This past weekend I happened to read two books about heroic main characters. They each illustrate a problem writers have to deal with.
The basic premise behind Samurai by Jason Hightman is that St. George, of St. George and the Dragon fame, has descendants who continue to fight dragons. Contemporary dragons feed off from human suffering and, disguised as, say, high fashion models or plastic surgeons, they cause a lot of. Simon St. George and his father Aldric, the last of St. George's descendants, can see them in their real form and have committed their lives to destroying them. In Samurai, the second in a series about the St. George's, they learn that a group of Samurai warriors battle dragons in Japan and the two groups end up joining forces.
Hightman has said that he "hopes the Saint of Dragons series combines the best elements of old-fashioned swordplay adventure, Japanese comic books, cinematic action, heroic archetypes, and unusual villains." Certainly, Samurai involved a lot of action. It was almost exhausting reading it, by which I do not mean it put me to sleep by any means. I thought the climax got a little out of control and over the top, the way action films sometimes do, but certainly there's an audience for this book.
Here's the problem Hightman faces, though--it's really hard to pull off a teenage hero surrounded by adult heroes who are older and stronger and more experienced. Poor Simon has trouble holding up his end. This is realistic, of course, but it's still a difficult situation for a writer to have to deal with. Simon also does some stupid things, as so many kid characters have in the past. This moves the story along, of course, because it means he can get in trouble. But how heroic is it?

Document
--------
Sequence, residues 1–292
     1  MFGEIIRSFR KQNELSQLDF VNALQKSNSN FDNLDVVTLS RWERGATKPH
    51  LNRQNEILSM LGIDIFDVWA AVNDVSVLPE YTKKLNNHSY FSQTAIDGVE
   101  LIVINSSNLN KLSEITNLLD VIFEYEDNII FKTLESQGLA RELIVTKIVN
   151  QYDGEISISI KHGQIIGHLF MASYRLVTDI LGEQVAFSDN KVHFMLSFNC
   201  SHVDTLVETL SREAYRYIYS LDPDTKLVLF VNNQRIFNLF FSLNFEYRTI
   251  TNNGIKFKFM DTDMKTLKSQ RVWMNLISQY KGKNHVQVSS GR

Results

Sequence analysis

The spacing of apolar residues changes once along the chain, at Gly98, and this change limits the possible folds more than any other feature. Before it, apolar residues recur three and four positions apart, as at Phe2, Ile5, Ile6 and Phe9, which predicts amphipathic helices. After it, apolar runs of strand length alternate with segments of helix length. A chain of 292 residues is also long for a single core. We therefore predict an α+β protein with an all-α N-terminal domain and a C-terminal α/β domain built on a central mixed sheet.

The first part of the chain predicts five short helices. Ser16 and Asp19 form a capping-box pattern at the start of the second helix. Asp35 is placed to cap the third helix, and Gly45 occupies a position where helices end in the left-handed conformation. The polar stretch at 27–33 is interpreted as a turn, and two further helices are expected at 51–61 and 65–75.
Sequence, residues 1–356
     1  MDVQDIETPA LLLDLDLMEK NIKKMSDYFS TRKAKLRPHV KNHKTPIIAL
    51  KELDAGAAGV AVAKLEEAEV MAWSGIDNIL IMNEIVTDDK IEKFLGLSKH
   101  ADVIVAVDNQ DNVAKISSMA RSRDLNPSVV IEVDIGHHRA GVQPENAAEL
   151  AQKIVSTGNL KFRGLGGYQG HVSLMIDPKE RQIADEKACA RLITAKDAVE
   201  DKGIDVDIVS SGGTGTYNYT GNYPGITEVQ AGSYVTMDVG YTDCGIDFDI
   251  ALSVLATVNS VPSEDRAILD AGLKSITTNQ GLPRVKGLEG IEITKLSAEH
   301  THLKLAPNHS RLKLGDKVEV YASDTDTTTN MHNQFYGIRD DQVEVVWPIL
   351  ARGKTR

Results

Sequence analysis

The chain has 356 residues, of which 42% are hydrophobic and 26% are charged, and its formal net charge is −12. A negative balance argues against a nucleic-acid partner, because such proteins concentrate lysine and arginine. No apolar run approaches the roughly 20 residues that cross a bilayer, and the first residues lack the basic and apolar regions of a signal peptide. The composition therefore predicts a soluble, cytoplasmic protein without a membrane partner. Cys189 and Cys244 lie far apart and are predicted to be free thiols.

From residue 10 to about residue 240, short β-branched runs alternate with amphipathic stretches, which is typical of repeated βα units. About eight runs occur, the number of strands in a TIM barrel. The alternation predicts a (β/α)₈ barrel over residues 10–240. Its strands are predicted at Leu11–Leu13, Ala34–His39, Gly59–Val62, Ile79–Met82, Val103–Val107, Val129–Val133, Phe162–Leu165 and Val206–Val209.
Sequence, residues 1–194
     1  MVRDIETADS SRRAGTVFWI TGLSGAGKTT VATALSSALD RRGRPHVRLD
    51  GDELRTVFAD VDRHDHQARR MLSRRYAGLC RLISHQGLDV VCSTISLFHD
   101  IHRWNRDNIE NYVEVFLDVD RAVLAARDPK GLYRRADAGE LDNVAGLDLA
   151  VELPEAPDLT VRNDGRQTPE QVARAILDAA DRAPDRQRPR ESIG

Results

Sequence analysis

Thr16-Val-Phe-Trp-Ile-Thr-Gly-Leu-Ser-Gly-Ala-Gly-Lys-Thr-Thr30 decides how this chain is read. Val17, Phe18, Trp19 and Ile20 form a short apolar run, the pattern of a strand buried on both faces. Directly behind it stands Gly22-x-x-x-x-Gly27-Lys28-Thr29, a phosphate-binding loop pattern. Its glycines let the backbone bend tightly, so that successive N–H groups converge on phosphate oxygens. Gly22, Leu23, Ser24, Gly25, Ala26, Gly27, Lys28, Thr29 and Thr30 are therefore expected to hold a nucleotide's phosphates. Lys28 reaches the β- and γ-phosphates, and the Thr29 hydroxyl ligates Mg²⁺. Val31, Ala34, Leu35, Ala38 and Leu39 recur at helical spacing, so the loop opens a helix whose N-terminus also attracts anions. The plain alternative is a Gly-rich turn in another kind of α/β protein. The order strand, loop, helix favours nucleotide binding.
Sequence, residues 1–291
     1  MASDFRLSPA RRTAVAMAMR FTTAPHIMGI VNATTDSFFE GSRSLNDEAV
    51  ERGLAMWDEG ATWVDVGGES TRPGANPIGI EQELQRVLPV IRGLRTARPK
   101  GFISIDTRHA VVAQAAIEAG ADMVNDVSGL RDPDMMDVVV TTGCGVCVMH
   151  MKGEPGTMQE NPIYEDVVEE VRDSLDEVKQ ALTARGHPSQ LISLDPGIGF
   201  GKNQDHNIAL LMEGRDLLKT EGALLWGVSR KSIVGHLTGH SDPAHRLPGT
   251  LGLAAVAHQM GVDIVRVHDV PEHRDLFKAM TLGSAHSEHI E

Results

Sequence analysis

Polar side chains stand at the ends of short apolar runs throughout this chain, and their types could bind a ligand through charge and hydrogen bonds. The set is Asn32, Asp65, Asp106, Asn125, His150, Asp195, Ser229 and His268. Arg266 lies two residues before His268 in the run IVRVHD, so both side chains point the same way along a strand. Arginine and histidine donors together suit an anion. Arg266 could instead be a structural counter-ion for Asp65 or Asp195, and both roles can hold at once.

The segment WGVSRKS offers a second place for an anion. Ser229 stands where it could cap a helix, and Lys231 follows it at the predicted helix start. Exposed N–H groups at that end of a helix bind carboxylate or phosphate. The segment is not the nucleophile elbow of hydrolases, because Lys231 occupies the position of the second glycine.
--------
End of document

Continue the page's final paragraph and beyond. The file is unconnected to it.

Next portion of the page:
Heroic teen heroes--not easy to do.
Rick Riordan faces another problem with The Sea of Monsters, the second in the Percy Jackson and the Olympians series. (Blogger refuses to let me upload the cover.) We learned of the clever setup for these stories in the first book The Lightning Thief. Greek gods are for real, they're still consorting with humans and producing god/human hybrids who are being gathered together at a special camp for heroes. Riordan avoids the pitfall of putting a teen hero up against adult heroes by not using any adult heroes. The problem he's facing, though, is that in the second book we know the setup, and it's just not the same as when we were first exposed in the earlier book.
This happens frequently with series stories. Eugenides from the books by Megan Whalen Turner has a cult following. I love him, too. But I don't love him quite so much as I did in The Thief, when I didn't know who he was. Now I do. You can't go back. And Twilight the first in the vampire series by Stephanie Meyer stands out because of the sexual tension between its two main characters. Talk about something that's hard to maintain! Especially since doing something about the tension requires a self-destructive act on the part of one of said characters. Meyers is really in a bind.
Well, traditionally heroes always have a tragic flaw, so we shouldn't be surprised when teen heroes have one, too.